16. The apparatus of claim 15 further comprising control means for delivering radiant electromagnetic energy and ultraviolet radiation according to a predetermined timing sequence.
17. A method for removal of a layer of material coating a substrate utilizing radiant electromagnetic energy, the method comprising the following steps:
providing a flashlamp-type near blackbody radiator means to generate radiant electromagnetic energy with a bandwidth including wavelengths between about 150 nm and about 1100 nm;
delivering a predetermined amount of radiant electromagnetic energy with a bandwidth including wavelengths between about 390 nm and about 1100 nm to the layer of material;
delivering a predetermined amount of radiant electromagnetic energy with a bandwidth including wavelengths between about 150 nm and about 390 nm to the layer of material, thereby causing photoablation and photodissociation of the material to be removed; and
removing the residual constituents of photoablated and photodissociated material from the substrate.
The present invention relates to methods and apparatus for paint-stripping, decoating and other material-removing applications and more particularly to the use of a highly efficient flashlamp or other source of high peak power, high average power, broadband, continuum output radiation for rapidly and efficiently vaporizing the material to be removed, scrubbing the vaporized material and physically displacing the remaining debris.
Decoating and paint stripping are specific examples of removing preselected types and amounts of materials from a substrate. Removal of paint from buildings, automobiles, bridges, aircraft and other structures is a very large industry throughout the world. Refurbishment of paint on aircraft, for example, is a matter of routine maintenance with an average coat of paint lasting typically between about 3 and about 5 years. Furthermore, removal or rust and corrosion of all types, including fouling on the undersides of maritime boats and vessels, is also time-consuming, expensive and difficult.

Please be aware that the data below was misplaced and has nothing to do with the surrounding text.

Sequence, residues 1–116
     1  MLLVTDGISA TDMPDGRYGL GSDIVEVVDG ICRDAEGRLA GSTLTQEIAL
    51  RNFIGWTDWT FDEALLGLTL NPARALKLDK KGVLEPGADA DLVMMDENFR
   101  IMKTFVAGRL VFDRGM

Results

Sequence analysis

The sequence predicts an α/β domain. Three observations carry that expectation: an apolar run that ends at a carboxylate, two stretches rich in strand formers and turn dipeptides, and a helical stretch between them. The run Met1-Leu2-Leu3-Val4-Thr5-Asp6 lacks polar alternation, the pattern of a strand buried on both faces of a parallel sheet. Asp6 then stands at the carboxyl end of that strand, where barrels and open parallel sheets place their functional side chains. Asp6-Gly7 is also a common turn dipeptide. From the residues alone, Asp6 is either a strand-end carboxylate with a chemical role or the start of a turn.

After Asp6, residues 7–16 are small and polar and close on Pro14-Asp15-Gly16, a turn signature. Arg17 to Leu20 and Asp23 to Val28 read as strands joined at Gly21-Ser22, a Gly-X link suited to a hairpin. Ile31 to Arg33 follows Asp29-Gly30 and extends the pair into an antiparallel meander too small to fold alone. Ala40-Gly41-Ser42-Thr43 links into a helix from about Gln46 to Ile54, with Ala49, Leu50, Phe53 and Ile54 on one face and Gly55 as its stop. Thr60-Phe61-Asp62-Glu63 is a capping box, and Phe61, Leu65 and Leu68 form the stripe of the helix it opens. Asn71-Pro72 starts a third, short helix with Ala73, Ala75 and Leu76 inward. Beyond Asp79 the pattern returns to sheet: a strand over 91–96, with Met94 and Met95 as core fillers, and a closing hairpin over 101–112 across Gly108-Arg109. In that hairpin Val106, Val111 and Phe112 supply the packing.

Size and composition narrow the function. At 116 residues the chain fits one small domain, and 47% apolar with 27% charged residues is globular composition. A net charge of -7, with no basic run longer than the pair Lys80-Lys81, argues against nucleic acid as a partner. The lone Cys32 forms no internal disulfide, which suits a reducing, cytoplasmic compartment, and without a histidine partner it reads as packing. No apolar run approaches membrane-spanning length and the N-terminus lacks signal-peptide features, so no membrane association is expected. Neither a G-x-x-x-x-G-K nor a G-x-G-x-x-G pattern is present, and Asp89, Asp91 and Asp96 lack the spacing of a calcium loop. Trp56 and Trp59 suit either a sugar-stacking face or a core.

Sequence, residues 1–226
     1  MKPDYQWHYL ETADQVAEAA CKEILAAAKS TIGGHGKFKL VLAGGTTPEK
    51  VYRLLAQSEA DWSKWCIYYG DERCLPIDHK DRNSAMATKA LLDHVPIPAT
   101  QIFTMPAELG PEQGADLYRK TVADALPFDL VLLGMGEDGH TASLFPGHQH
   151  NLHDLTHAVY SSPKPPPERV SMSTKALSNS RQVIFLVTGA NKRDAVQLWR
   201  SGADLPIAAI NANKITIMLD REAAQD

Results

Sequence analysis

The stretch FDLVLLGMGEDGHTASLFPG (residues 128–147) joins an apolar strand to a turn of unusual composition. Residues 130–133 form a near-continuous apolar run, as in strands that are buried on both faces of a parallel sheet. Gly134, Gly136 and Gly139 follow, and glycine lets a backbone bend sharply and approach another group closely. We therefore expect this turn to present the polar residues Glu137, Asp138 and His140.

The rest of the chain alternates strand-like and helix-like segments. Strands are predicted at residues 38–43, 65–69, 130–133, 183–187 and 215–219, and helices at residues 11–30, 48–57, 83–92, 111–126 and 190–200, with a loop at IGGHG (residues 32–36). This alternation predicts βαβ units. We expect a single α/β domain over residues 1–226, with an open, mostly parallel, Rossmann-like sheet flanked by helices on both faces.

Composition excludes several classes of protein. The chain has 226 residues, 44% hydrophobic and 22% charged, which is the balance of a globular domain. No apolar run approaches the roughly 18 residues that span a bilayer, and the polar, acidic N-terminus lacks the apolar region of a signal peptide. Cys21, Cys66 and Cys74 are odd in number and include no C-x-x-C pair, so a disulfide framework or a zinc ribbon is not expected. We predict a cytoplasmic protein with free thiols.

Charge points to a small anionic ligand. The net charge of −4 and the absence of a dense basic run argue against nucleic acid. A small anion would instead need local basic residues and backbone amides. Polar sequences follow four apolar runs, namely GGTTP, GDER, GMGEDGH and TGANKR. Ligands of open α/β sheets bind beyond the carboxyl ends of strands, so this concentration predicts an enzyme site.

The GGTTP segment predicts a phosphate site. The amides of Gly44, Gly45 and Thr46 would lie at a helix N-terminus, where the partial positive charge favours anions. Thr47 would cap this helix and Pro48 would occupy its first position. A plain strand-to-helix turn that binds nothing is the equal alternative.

Problems associated with decoating or paint removal are various. In certain instances, recessed or angular areas or areas with otherwise inaccessible surfaces are difficult to treat. Mechanical methods of decoating include manual or assisted sanding and scraping, grinding with an electric grinder, and blasting the surface with particles such as metal or plastic pellets, sand, etc. Drawbacks of these methods include the possible damage to underlying substrate structure. The upper layer of substrate is often slightly pitted or otherwise damaged and stress hardening is known to occur. These changes in substrate integrity or quality can have a negative impact on the function or utility of the structure. For example, smooth flat surfaces are aesthetically pleasing on an automobile's painted surfaces. The design of an aircraft may be based on a given construction material's physical characteristics such as static and dynamic strength, shear strength, or modulus of elasticity, and changing these physical characteristics could have a negative impact on the given material's performance under certain situations.
Chemical methods of removing coatings or other types of materials are similarly fraught with a range of drawbacks. The primary requirement is chemical solubility of the material to be removed and essential insolubility of the substrate--a situation often difficult to achieve. Particular care must be taken when the substrate is plastic or epoxy-based since these and other organic materials are easily affected by certain solvents. Furthermore, chemical processes for decoating, paint-stripping and the like often pose a significant risk to human and animal health and our environment either through direct exposure to employees during the process or during waste treatment and down-stream processing, industrial accidents, etc.